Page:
The simple menus (seen above) aren't terribly exciting, but they're easy enough for the kids to use. This 75-minute film has been divided into a generous 28 chapters, while no layer change was detected during playback. The actual packaging is generally similar to the first two films: this one-disc release is housed in a standard white keepcase and no inserts have been included.

Bonus Features:

Though it's dubbed a "Special Edition", the bonus features for Stuart Little 3 aren't particularly great (or plentiful, for that matter). First up are a pair of Interactive Games, including "Help Stuart Escape!" and "Monty's Monstrous Appetite!"; both aren't especially new and groundbreaking, but the kids might enjoy 'em a few times. Up next is Stuart's Summer Journal (a re-cap of his adventures that can be read by Stuart or paged through manually) and Learn to Draw, a quick how-to session with Stuart, Snowbell and Reeko. Closing out the film-related extras is a Music Video for "Reeko's Funk" (2:12), the cringe-worthy closing track performed by Wayne Brady. Also here is a PSA for the Dave Thomas Adoption Foundation and a series of Previews for several upcoming animated releases. In conclusion: if you're looking for insightful, film-related extras, look elsewhere.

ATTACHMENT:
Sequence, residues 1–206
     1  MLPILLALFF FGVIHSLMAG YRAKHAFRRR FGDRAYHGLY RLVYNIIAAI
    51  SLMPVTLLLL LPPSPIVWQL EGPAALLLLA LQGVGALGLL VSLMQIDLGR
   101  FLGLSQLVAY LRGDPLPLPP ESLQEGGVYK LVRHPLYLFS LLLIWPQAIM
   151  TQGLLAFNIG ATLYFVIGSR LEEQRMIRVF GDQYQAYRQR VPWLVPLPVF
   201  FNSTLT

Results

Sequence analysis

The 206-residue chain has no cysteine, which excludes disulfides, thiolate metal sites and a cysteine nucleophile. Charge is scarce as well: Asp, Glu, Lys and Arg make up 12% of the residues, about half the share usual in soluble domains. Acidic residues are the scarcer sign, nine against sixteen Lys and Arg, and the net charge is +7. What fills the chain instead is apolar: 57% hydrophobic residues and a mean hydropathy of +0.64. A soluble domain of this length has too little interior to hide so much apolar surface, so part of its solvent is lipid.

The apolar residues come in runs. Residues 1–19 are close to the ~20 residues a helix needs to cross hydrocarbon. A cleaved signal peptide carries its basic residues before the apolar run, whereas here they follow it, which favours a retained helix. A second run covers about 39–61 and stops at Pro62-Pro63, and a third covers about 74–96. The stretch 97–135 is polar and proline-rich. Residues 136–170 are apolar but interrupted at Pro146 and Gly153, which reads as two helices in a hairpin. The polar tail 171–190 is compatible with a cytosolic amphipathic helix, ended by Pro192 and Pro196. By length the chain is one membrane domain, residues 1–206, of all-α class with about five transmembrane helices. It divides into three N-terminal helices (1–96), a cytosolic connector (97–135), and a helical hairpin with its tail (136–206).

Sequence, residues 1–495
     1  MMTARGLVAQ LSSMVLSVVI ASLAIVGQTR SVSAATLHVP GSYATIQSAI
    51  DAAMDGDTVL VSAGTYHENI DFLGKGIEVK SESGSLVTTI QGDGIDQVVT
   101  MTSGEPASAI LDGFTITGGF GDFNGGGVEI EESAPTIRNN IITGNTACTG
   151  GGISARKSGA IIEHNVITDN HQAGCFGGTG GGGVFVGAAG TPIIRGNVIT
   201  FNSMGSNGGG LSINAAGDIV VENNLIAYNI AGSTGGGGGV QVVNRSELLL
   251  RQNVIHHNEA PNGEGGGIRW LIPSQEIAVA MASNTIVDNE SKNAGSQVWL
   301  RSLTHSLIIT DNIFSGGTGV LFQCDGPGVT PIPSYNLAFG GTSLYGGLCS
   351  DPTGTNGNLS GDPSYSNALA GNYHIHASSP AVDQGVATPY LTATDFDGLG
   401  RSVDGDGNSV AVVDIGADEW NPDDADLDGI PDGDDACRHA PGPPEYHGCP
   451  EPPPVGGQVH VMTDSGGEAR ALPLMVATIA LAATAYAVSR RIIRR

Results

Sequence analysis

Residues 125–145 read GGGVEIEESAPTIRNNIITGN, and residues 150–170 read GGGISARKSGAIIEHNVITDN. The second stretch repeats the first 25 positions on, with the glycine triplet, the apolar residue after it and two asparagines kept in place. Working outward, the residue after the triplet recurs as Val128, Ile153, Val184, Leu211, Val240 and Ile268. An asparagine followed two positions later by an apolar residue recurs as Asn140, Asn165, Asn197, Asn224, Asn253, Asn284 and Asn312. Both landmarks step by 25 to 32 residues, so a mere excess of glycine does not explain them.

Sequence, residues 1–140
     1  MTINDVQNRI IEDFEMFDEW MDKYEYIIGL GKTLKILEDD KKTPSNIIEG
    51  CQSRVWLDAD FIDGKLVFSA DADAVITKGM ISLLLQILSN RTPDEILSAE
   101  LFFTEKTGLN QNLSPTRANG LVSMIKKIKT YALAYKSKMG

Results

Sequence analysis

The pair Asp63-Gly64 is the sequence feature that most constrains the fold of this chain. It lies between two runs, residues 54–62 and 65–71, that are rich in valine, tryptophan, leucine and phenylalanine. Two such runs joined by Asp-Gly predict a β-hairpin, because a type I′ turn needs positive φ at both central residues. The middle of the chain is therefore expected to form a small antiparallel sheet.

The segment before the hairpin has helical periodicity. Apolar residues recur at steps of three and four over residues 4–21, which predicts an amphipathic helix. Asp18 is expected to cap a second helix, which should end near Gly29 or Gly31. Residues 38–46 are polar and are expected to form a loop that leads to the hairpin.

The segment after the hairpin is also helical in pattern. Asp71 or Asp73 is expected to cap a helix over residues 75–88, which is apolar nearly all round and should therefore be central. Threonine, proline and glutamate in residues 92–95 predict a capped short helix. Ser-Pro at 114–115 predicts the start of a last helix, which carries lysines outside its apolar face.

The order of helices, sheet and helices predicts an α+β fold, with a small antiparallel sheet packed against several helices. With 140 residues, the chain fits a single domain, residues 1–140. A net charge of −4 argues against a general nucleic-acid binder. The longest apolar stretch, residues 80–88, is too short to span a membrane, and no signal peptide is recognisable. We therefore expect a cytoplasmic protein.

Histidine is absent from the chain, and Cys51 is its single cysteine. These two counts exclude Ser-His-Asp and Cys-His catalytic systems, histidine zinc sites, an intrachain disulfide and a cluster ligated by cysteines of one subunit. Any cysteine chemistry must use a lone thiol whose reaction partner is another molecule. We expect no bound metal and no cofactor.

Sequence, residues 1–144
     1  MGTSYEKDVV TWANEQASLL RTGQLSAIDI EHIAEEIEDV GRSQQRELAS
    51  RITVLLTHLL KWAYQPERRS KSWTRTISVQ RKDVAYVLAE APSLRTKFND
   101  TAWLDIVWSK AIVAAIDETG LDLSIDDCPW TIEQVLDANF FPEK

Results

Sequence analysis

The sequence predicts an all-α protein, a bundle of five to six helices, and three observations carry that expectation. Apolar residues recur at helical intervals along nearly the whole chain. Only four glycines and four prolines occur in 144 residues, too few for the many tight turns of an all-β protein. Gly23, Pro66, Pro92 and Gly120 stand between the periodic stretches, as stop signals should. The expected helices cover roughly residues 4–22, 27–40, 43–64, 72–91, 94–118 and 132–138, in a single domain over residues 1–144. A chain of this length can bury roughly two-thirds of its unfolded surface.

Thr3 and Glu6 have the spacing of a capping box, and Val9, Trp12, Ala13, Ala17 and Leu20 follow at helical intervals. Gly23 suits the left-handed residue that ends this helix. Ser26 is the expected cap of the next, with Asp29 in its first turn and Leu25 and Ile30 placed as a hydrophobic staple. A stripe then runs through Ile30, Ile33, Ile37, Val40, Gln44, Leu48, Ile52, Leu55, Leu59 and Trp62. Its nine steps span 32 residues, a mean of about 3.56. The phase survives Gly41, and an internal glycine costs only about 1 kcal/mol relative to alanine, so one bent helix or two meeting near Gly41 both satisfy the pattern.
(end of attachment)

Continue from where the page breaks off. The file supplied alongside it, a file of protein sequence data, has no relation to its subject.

Final Thoughts

I'm not sure if Stuart Little ever needed to become a franchise, but there's no doubt that this third installment is the black sheep of the family. The visual style is somewhat interesting but ultimately a distraction (especially the first time through), though anyone familiar with the characters shouldn't have too much trouble making the adjustment. Even so, Stuart Little 3 is fairly weak in the story department, often using its new environments as an excuse to tread on similar ground. This one might be worth a look for anyone who enjoyed the previous adventures, but there's not enough here to consider it a solid addition to your family's DVD library. Rent It.


Randy Miller III is an art instructor and office monkey based in Harrisburg, PA. He also does freelance graphic design projects and works in a gallery. When he's not doing that, he enjoys slacking off, general debauchery, and writing things in third person.